It could have been mistaken for a religious pilgrimage. The spirit of the crowds that gathered was not loudly partisan. There was giddiness to be sure, but the overriding feeling was solemn. The sense of History Being Made was on every corner, from the Sunday-best hats and cashmere coats in the crowd to the inescapable commemorative Obamabilia being hawked everywhere. A desire among the crowds who braved the cold to be merely present, to bear witness, to breathe the same air, to be part of this national ceremony that promised a renewal, a national resurrection of sorts. In an America beaten down by recession and wars, they had come to see with their own eyes the making of the First Black President.
As many as two million people were present for President Barack Obama’s inauguration. Two days before, some 400,000 had come together for a concert at the Doric temple columns of the Lincoln Memorial. It was here that Rev. Martin Luther King Jr. proclaimed in 1963 that he had a dream, and now the son of a white mother from Kansas and a father from Kenya was in the process of fulfilling it. Obama’s face was everywhere—on the massive banners draping the neoclassical columns of the white monumental buildings in the city, on buttons, T-shirts, a sea of magazine covers, his smile emblazoned on everything from tote bags to earrings.
His omnipresent iconic image has been compared to the propaganda posters of a Third World dictator. But the images around Washington were not authoritarian, or menacing; often they were downright devotional, showing Obama with his eyes uplifted, almost Christ-like, as if in private consultation with the heavens. While the religious overtones of his enthusiastic following have been compared to a cult of personality, and Oprah Winfrey’s description of him as “The One” became the target of partisan mockery, the inauguration, more crowded and emotionally charged than any in memory, suggested that the excitement was less about the cult of Obama than about a centuries-awaited ritual for the nation.
The First Black President. The sin of slavery—could it be finally expiated? The parade and the pomp, while marking a long-awaited end of the Bush era, seemed to mark something deeper, a purification of the original sin: a nation built in part on slavery and in which blacks in many southern states did not win a meaningful right to vote until 1965. Was that sense of cleansing real, or the self-delusion of those who had made this moment happen: black and white Americans alike?
Certainly for black Americans, Inauguration Day, with its embossed invitations and elaborate balls, was the grandest possible statement, broadcast across the globe and repudiating the myth of black inferiority, of underachievement, of the various historical stigmas associated with dark skin. But the ritual, presided over by the chief justice of the Supreme Court and celebrated with an ecstatic parade, was uplifting to white Americans as well—marking an end to their moral inferiority, and a declaration of their virtue. “In the excitement around Obama’s election there is a lot of self-flattery,” observes Shelby Steele, a scholar in race relations at the Hoover Institution who, like Obama, is biracial. “The whites are proud of themselves. It’s almost like a white pride day.”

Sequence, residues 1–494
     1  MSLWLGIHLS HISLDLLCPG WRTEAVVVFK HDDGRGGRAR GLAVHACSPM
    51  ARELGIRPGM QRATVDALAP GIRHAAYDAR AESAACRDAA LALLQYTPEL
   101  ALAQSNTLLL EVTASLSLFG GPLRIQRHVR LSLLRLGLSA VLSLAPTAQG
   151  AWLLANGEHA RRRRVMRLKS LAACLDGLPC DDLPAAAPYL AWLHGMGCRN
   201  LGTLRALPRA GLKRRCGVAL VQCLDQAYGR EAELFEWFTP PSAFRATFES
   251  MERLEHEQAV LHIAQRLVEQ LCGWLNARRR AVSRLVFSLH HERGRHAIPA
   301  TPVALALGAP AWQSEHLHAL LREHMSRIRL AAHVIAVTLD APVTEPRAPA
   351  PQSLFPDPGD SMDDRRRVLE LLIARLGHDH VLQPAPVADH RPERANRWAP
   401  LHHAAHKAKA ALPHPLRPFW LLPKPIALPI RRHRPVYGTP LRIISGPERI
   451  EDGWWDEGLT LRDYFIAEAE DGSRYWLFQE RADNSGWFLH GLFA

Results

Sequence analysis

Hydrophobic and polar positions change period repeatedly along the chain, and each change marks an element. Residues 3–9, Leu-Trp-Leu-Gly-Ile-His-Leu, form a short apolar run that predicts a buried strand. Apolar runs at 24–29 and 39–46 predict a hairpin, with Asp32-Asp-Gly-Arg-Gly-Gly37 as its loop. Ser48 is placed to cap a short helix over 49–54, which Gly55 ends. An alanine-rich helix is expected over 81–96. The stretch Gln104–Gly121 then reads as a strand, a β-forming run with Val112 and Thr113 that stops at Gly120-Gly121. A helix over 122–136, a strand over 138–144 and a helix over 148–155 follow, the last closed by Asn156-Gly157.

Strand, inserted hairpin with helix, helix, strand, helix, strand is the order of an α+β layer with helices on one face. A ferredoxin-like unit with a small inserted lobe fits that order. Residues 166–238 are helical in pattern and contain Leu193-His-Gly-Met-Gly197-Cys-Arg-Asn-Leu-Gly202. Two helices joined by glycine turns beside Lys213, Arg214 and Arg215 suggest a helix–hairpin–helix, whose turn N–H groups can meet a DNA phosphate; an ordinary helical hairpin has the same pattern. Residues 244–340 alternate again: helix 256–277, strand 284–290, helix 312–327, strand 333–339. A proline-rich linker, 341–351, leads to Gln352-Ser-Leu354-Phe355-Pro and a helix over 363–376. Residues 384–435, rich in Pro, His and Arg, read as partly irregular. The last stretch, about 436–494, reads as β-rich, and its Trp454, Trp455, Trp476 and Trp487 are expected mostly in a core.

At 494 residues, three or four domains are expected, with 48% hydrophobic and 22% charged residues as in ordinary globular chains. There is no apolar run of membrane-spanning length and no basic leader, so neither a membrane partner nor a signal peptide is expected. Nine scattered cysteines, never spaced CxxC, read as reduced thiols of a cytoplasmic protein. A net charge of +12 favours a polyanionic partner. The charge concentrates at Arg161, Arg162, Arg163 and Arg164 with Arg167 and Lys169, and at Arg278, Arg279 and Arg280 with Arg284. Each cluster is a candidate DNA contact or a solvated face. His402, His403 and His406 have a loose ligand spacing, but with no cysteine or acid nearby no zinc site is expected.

Of course, African-Americans played a crucial role in electing Obama—coming out in full force during crucial votes in the Democratic primary and casting near-unanimous votes in his favour during the general election. But in a country that is still predominantly white, it was white voters whom he had to win over. Obama did so by intentionally presenting himself as a candidate for all Americans, playing down his race until he was forced to deal with it in a speech after his black pastor’s comments became a source of controversy. Steele calls Obama an impeccable “bargainer”—who tells white Americans, “I won’t rub the legacy of racism in your face if you don’t hold my race against me.”
But Steele is one of the observers (others include some supporters of Hillary Rodham Clinton) who argue that Obama was elected because of his race, not in spite of it. “This is a measure of how much whites have lived under a presumption of racism,” he says. “That they have lived under this accusation and it has been a real tension in white American life. A vote for Obama is an opportunity for whites to say, ‘See, I’m not racist, I am innocent.’ ”
Obama’s meteoric rise could not have happened to a white politician, he insists. “You don’t come from a backbench in the Illinois state legislature, and four years later you’re walking into the White House. He’s talented but not that talented. There is a hunger in white America to make this kind of a statement—and that is the wave that brought him forward.”
At a forum on race at Howard University, the day before the inauguration, Rev. Jesse Jackson Sr., who ran for the presidency in 1984 and 1988, said Obama’s success was due in part to black pride and a longing for “redemption” among whites. “It was the uniqueness of his personality,” Jackson said, “plus pride, plus redemption—plus, for some, desperation.”